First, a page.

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Waist circumference thresholds provide an accurate and widely applicable method for the discrimination of diabetes
journal contributionposted on 2007-12-01, 00:00 authored by Rachel HuxleyRachel Huxley, Federica Barzi, Crystal M Y Lee, Scott Lear, Jonathan Shaw, Hing Lam Tai, Ian Caterson, Fereidoun Azizi, Jeetesh Patel, Paibul Suriyawongpaisal, Woo Oh Sang, Jae-Heon Kang, Tim Gill, Paul Zimmet, Philip T James, Mark Woodward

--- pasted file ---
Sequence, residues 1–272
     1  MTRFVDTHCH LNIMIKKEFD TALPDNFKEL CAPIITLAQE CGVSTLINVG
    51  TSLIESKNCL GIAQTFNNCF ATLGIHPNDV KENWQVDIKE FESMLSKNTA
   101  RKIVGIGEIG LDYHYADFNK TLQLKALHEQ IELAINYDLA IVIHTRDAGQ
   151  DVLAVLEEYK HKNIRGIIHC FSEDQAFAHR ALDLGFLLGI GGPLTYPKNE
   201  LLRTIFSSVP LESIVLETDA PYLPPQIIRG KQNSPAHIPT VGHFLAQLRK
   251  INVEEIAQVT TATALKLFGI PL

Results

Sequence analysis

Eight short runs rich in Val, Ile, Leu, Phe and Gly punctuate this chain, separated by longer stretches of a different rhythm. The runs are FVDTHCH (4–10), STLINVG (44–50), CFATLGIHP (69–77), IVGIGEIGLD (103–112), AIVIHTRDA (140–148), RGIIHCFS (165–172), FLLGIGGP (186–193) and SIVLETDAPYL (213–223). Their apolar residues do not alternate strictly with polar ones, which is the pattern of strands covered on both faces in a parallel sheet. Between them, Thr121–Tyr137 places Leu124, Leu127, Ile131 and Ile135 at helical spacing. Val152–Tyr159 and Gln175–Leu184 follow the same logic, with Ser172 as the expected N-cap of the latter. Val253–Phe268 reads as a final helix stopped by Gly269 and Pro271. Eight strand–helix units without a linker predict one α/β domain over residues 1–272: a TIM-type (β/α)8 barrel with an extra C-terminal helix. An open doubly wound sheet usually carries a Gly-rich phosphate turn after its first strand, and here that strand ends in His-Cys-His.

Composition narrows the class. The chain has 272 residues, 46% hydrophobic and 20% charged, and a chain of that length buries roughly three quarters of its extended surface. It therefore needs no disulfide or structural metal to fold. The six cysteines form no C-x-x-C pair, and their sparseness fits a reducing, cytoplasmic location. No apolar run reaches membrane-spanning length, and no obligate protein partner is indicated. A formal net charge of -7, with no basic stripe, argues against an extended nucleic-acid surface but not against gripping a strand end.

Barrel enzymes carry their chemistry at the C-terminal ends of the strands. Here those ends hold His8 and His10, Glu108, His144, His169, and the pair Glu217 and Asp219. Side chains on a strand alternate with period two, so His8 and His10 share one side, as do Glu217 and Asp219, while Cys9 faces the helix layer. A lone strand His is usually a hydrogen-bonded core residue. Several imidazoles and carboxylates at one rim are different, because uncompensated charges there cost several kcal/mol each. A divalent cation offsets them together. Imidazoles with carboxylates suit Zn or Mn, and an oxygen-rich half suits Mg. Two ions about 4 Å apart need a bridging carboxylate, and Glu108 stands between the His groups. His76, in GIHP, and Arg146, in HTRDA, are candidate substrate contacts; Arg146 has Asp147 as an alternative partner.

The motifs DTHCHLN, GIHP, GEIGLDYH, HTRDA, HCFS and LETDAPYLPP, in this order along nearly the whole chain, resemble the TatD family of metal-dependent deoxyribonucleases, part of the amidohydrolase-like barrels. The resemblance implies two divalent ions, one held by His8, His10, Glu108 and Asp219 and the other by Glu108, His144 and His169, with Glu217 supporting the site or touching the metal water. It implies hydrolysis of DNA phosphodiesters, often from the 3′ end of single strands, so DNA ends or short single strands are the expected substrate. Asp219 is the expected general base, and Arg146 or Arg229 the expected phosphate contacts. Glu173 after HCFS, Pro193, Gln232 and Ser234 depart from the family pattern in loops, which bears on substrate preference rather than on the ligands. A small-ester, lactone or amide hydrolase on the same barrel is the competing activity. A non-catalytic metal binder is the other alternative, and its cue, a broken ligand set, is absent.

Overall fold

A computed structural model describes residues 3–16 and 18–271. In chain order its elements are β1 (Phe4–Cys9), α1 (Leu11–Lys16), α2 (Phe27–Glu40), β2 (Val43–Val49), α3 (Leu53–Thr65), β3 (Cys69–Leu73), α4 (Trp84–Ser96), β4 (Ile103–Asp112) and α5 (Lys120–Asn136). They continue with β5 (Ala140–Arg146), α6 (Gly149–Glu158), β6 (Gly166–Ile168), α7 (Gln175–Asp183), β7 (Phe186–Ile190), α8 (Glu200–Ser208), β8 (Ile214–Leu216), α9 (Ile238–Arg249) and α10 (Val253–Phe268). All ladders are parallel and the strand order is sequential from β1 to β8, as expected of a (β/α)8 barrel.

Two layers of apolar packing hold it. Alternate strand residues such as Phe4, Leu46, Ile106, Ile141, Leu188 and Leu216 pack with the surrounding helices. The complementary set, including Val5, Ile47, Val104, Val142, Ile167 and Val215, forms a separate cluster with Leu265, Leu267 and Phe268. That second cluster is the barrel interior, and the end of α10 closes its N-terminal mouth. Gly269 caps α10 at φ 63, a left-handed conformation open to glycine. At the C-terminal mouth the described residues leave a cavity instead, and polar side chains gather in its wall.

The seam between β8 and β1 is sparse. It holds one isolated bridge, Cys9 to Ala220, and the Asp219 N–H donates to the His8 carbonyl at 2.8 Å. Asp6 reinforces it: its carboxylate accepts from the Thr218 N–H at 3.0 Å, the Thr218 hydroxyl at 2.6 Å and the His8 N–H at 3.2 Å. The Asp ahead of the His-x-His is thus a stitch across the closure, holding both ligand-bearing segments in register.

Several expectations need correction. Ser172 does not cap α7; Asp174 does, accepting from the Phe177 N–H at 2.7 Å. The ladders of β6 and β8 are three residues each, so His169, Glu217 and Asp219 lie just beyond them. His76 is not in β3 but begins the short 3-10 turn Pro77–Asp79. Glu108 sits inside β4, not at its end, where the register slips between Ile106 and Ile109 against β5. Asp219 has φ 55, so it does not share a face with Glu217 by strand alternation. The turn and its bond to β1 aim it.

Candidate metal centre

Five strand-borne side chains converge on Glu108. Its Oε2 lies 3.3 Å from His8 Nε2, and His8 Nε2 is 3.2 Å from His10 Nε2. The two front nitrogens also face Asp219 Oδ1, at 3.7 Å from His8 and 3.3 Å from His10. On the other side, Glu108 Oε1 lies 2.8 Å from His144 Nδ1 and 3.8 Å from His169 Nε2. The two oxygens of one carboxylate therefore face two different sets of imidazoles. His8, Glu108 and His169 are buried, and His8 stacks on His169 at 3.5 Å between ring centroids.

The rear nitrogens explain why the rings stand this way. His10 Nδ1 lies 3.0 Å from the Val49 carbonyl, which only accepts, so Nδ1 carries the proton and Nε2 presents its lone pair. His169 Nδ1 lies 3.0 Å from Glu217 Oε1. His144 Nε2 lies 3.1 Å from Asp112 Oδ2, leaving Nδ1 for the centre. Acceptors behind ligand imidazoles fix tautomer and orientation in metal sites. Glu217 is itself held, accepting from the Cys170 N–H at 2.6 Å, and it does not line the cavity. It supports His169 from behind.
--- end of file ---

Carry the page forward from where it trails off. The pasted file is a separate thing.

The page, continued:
Excess weight, particularly central obesity, is recognized to be a major determinant of diabetes risk in all populations, with the magnitude of the association reported as being stronger in Asians than whites (1–3). Consequently, indicators of overweight have been incorporated into several guidelines for the early identification of individuals with type 2 diabetes (4). However, the anthropometric cut points for different ethnic groups have been determined in various ways, leading to uncertainty about their applicability to diabetes screening. Here, we clarify current uncertainty regarding ethnic differences in the relationship between overweight and diabetes and whether there is a single measure of overweight that can be determined routinely and applied universally in clinical practice to facilitate earlier detection of diabetes in the general population.